Amanda's Story

Amanda Howland’s life is dedicated to planting and cultivating seeds of change. While Peter Roskam sows seeds of indifference, Amanda is listening to and fighting for her neighbors.

When no one else would stand against Roskam in 2016, she rose to the challenge and ran a progressive campaign. It is never easy to beat an entrenched incumbent, and she knew it would take a commitment of running twice to beat him. Her decision to run for this seat in 2018 was based on the needs of the people, not political opportunity.

Amanda Howland is a progressive Democratic candidate for the United States House of Representatives from the Sixth District of Illinois in 2018. She is a civil rights attorney, cancer survivor, Democratic activist, and former special education teacher and elementary school principal in Northern Illinois. She currently serves as a Trustee on the College of Lake County Board.

Amanda was raised by a single mom in Detroit, and grew up with deep admiration for the American Dream. As a teenager, Amanda often heard others say that girls don’t need to go to college, but she knew that education would bring her new opportunities and help her better fight for others. Since Amanda didn’t want another girl to ever be told what her limits should be, Amanda became a teacher. Amanda’s mom worked for GM, and her stepfather was a general manager for Ford. She lived in Sao Paulo, Brazil during junior high school when her stepfather was transferred to South America to work on a special project. While in Brazil, she attended Escola Graduada de Sao Paulo and still speaks conversational Portuguese. Amanda credits her lifelong love of learning about people and cultures different from her own to this period of her life.

Back in Michigan, Amanda attended Bloomfield Hills Andover High School, where she was active in both sports and the arts throughout her four years in school. She was a member of five athletic teams in high school – field hockey, volleyball, softball, swimming, and lacrosse – and notes often how important it is to make sure that girls have the opportunities to be active, like she had. As a teenager, Amanda often heard others say that girls don’t need to go to college, but she knew that education would bring her new opportunities and help her better fight for others.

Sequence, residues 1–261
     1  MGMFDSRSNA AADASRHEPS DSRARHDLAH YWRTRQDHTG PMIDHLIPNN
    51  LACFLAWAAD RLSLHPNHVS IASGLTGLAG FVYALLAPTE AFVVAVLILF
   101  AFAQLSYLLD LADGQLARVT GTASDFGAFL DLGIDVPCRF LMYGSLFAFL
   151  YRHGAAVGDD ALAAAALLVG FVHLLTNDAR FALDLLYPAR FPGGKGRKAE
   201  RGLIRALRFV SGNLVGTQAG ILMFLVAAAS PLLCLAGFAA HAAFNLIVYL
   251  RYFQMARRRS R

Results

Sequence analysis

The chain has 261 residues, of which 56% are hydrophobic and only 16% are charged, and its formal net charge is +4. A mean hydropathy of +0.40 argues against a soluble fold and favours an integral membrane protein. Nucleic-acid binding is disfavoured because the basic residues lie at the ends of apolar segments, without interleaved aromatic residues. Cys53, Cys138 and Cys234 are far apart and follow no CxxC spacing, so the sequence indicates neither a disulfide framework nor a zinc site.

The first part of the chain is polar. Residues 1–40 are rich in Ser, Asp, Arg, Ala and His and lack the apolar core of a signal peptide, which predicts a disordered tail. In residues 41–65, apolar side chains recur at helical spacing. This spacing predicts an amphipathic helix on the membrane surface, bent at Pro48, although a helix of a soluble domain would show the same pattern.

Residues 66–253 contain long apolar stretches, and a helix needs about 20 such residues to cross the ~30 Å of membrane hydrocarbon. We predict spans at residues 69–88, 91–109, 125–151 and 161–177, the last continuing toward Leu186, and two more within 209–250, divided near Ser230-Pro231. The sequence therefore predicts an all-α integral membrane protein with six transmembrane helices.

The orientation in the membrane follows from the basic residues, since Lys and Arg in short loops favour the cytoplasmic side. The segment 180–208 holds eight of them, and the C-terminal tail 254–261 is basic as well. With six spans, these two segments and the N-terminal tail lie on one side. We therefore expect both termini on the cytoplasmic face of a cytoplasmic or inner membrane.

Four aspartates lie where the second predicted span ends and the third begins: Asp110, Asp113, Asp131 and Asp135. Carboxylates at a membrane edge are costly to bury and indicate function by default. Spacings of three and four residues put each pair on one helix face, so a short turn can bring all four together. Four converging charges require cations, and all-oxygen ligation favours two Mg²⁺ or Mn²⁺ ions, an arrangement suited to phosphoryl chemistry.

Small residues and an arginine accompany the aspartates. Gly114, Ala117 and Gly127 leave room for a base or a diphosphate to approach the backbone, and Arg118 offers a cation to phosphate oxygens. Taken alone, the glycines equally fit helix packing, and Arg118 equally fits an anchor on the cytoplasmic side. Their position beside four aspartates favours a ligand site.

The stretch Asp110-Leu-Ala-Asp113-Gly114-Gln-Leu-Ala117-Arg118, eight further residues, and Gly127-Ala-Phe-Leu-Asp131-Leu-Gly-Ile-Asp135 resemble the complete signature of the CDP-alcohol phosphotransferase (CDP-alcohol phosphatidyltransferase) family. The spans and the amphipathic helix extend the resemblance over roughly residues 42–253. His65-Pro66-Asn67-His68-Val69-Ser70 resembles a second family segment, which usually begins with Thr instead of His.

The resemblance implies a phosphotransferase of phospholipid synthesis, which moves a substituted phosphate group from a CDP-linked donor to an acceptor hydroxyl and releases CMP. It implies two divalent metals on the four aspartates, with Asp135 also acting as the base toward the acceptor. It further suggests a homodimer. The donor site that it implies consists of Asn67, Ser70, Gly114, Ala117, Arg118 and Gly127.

Amanda graduated from Central Michigan University with a Bachelor of Science degree in special education and psychology, and then received a Master of Arts in psychology from Michigan State University.  She moved to Illinois to work with the Special Education District of Lake County to help set up a behavior disordered school program at Allendale School for Boys.  After moving to Crystal Lake, Amanda was hired by Special Education District of McHenry County and taught behavior disordered/emotionally disturbed students at North Junior High.

Later Amanda earned her Masters of Science in Educational Administration from Northern Illinnois University. She was hired by Elgin District U-46 as soon as she completed her degree and served as an administrator at Eastview Elementary School in Bartlett, where she ensured educational prosperity for students at the largest elementary school in Illinois.

During her years as an educator and administrator Amanda witnessed selfish politicians favor special interests over their hard-working constituents. Her drive to make positive change and her passion for serving others led Amanda to leave education to pursue a career as an attorney. She attended Chicago-Kent College of Law and quickly dove headfirst into student life. During her first year, Amanda was elected as Student Bar Association representative by her class section, and in her second year, was elected by the entire student body to serve as treasurer of the Student Bar and in her third year, Amanda was honored to be elected by the student body to serve as president of the Student Bar Association. In her role as president, Amanda oversaw all Kent student bar activities and served as liaison between Kent faculty and students. Amanda was also active in moot court while at Kent, and won the Charles Evans Hughes all school moot court competition.  In her second year she won best oralist in the Saul Lefkowitz Regional Trademark Competition and went to Washington D.C. to argue before the Federal Circuit Court of Appeals, en banc, finishing second in the national competition.  She competed regionally again in her third year and won best oralist.

After graduating from Kent and passing the Bar, Judge Allen Sharp hired Amanda as his judicial law clerk in South Bend, Indiana. She stayed with Judge Sharp for almost four years before returning to Chicago to help a newly-appointed magistrate judge set up her courtroom. Amanda’s prolific legal career also includes time spent with the Children’s Law Group in Chicago, as well as consulting and contract positions with other firms.